Other critics such as Hawkins argue that whilst some of Conrad’s racist characterization of the natives is undeniable, the author is more overtly critical of Europeans than he is of Africans, adding that the characterization and emphasis on “brutes” (Conrad, 1899) and their “rolling eyes” (Conrad, 1899) acts as an attack on imperialism. Metaphysically speaking, white men’s hearts are not turned black by Africans, as they already carry the corruption of Europe within them. Despite Kurtz’s savagery, Marlow’s frequent recognition and re-telling of the strongly disturbing imagery of the natives’ poor health implies that Kurtz’s disregard for them is not innate, but learned:
Six black men advanced in a file, toiling up the path…Black rags were wound round their loins…I could see every rib, the joints of their limbs were like knots in a rope; each had an iron collar on his neck…All their meagre breasts panted together, the violently dilated nostrils quivered, the eyes stared stonily uphill. They passed me within six inches, without a glance, with that complete, deathlike indifference of unhappy savages.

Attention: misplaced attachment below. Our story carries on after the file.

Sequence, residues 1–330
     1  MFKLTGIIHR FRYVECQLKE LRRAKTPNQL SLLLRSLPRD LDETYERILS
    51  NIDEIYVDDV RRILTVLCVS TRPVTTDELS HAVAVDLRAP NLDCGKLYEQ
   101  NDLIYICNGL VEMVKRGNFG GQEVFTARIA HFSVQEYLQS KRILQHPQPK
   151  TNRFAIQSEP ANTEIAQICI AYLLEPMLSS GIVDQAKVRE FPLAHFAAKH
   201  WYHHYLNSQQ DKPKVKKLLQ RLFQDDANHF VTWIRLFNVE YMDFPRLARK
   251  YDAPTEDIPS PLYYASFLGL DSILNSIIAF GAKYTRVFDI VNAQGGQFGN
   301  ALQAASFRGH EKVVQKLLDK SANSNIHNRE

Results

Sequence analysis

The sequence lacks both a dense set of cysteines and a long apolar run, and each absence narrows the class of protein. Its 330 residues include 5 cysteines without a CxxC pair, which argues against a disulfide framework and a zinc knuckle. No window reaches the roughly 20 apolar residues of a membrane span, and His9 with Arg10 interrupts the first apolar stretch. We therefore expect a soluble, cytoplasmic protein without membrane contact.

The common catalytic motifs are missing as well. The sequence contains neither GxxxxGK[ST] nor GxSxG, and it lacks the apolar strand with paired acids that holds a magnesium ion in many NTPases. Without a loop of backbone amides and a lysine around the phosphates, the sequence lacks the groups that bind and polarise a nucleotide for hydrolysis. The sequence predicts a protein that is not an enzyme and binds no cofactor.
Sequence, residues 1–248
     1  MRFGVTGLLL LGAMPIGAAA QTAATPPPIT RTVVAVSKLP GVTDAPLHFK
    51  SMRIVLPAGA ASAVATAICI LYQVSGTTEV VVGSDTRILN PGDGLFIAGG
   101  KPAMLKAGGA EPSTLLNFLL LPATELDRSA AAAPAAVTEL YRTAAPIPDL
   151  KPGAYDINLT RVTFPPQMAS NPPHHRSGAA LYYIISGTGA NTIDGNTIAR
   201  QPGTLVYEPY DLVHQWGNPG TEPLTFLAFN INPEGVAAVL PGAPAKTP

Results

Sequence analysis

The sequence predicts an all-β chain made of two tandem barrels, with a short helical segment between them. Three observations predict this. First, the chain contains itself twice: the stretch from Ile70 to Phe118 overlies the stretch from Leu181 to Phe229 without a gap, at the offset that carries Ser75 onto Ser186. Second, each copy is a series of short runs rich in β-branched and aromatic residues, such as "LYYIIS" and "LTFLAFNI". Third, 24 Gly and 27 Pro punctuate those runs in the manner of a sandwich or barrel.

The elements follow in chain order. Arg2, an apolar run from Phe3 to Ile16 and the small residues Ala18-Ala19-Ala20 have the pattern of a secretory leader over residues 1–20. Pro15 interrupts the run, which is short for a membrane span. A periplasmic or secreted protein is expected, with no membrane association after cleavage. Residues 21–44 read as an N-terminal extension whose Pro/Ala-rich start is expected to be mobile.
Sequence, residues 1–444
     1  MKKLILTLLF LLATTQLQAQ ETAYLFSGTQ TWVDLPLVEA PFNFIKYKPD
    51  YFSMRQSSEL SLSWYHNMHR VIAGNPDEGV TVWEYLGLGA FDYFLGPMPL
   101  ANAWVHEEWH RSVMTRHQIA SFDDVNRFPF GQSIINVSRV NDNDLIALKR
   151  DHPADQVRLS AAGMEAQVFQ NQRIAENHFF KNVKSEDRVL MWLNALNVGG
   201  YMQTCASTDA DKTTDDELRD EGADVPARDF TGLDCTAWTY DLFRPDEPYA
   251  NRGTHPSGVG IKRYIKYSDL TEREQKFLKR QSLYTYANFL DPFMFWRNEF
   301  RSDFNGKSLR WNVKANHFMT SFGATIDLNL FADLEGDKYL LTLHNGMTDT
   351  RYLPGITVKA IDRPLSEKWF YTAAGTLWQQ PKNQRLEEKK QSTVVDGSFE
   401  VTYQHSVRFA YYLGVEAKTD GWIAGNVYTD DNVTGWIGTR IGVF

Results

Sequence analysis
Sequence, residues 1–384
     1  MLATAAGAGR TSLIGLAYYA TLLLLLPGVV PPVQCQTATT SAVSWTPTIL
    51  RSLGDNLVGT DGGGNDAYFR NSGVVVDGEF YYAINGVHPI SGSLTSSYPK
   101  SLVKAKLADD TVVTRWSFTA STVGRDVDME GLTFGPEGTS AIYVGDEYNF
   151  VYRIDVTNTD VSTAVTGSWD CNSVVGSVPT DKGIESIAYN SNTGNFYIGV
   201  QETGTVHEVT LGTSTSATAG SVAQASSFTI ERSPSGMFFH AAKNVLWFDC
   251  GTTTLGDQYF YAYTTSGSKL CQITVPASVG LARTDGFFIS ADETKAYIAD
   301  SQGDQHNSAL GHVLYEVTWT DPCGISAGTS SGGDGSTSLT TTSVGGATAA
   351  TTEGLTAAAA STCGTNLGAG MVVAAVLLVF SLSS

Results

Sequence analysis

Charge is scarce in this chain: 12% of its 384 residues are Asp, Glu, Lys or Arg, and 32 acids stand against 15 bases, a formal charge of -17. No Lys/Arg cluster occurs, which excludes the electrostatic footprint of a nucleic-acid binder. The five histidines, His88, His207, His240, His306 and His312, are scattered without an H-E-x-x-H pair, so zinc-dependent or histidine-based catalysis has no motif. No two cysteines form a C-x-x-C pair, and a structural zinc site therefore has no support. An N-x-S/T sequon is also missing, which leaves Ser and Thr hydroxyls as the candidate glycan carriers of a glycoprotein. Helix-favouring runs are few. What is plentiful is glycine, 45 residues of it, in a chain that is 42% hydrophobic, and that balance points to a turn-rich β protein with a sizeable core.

Complying with Hawkins’ criticism, Marlow’s use of similes such as “like knots in a rope” (Achebe, 1977) and a semantic field of butchery, such as “loins”, “rib” and “limbs”, suggesting that the “deathlike indifference of unhappy savages” are destined to being brutally slaughtered. This awareness of the brutality of the company’s treatment of the natives juxtaposes with Kurtz’s ignorance towards them and further suggests that it is the nature of Marlow and Kurtz’s occupations and institutional duty as workers for the Belgian trading company. Hawkins suggests that Conrad may be seen as racist in a modern context, but that during his time Conrad may have been a progressive thinker who criticized colonialism, and deplored the capitalist conquest of colonialism that unmitigated greed in high ideals – highlighting the corrupt nature of the project.